A key aspect of our methodology was the artificial creation of data gaps following the “Missing at Random” (MAR) principle to simulate realistic situations where data points are missing. The goal was to create a setting where normally the expertise of experts would be sought. Subsequently, we defined a specific expert role for each dataset, which we used to initialize the LLM for answering questions about the missing data.

For the actual data imputation, we relied on a series of LLMs, including LLaMA 2 13B Chat, LLaMA 2 70B Chat, Mistral 7B Instruct, and Mixtral 8x7B Instruct. Each of these models was evaluated separately and compared with three traditional approaches to data imputation: mean and mode imputation for continuous or categorical features, k-Nearest Neighbors (k-NN) Imputation, and Random Forest Imputation. We measured the quality of imputation using the “Normalized Root Mean Square Error” (NRMSE) and the F1 score for continuous or categorical features, respectively.

This methodical approach allowed us to not only assess to what extent LLMs can serve as experts in data imputation but also to measure their efficiency compared to conventional methods.

Our investigation revealed surprising findings: The imputation quality of LLMs did not consistently surpass that of the three empirical methods used. However, it was found that LLM-based imputations can be of great benefit in certain areas, especially in engineering and computer vision. In datasets like ‘pc1’, ‘pc3’, and ‘satimage’ from these domains, we achieved imputation qualities with an NRMSE of about 0.1. Similar positive results were also observed in the fields of biology and natural language processing (NLP).

Interestingly, the performance of LLM-based imputation varied significantly depending on the field of application. While the social sciences and psychology provided rather disappointing results, better successes were recorded in the fields of medicine, business, and biology. Notably, the high performance of LLM-based imputation in the business sector was particularly remarkable.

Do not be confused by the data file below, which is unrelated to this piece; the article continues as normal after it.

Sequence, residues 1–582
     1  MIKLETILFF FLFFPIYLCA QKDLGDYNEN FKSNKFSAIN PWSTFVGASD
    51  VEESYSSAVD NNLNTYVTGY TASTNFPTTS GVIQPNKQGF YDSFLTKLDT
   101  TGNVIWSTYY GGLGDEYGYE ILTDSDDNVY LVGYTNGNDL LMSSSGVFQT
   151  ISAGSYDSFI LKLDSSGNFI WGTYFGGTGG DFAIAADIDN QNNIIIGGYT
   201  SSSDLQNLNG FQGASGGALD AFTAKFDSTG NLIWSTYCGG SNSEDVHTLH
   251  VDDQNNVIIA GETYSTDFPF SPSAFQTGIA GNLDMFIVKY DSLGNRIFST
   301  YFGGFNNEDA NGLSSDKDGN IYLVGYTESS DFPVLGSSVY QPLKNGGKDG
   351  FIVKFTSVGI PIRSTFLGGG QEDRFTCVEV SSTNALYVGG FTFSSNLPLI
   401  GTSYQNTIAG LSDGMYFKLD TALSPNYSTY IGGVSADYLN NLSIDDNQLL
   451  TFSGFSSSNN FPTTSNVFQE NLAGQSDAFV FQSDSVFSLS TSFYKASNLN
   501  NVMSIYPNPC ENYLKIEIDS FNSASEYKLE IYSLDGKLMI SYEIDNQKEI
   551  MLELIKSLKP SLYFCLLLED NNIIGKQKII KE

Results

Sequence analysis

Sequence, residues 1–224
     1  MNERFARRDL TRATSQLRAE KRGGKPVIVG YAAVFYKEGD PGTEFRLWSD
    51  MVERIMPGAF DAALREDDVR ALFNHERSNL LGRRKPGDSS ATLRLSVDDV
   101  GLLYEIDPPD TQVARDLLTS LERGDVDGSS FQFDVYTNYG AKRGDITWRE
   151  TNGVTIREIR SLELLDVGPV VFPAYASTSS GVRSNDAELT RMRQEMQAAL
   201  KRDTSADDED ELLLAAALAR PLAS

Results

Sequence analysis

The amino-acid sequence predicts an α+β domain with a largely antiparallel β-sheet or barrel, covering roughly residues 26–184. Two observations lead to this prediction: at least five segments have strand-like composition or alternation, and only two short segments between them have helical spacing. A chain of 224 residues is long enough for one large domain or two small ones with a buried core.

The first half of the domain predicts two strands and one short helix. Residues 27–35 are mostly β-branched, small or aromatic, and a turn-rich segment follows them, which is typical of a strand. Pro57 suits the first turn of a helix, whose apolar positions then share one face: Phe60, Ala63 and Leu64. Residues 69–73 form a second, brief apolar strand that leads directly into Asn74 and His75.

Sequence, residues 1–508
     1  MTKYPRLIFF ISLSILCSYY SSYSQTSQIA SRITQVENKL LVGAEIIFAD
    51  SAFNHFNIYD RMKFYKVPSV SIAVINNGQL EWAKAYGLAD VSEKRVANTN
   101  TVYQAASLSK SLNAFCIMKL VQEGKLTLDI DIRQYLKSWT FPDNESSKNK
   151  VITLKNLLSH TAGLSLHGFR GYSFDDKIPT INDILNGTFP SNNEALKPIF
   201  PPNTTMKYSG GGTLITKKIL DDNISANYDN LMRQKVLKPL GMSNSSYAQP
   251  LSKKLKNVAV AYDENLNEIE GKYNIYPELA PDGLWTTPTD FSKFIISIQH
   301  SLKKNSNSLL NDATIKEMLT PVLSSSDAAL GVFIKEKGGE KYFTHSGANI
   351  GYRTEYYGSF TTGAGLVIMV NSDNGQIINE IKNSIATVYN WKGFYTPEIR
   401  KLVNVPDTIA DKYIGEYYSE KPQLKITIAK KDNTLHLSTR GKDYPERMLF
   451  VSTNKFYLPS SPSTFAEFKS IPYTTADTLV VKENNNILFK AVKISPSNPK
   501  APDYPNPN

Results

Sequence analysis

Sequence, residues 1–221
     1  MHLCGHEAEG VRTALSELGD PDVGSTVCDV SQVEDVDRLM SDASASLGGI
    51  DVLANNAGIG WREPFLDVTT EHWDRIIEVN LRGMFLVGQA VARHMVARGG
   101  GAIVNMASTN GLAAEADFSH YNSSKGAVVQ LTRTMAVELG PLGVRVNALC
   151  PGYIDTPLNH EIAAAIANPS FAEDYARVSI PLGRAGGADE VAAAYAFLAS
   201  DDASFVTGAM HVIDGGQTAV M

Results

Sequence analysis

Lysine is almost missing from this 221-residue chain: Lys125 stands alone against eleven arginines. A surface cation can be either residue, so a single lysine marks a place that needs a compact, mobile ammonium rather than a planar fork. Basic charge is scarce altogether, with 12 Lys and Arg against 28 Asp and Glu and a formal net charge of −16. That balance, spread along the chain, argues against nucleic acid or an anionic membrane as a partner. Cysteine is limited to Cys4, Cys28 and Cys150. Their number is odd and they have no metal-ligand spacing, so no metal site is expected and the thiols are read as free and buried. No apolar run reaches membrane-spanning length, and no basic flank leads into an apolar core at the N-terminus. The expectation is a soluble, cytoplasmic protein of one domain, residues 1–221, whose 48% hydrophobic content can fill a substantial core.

These findings suggest that

LLMs could represent a promising alternative to traditional imputation methods in specific contexts, especially in scenarios where human expertise is hard to access. However, the universal applicability of LLM-based imputation is limited, and further research is needed to identify the areas and conditions under which this technique can be most effectively used.

Our detailed analysis of missing data imputation showed a variable performance of LLMs compared to traditional methods. Although the LLMs did not outperform the empirical methods in all cases, they revealed significant strengths in specific application areas.

The results suggest that LLMs, based on their extensive training dataset, are capable of providing precise assessments that can match real data in some cases. These differentiated results underscore that the use of LLMs for data imputation is promising, but requires careful consideration of the specific domain and area of application.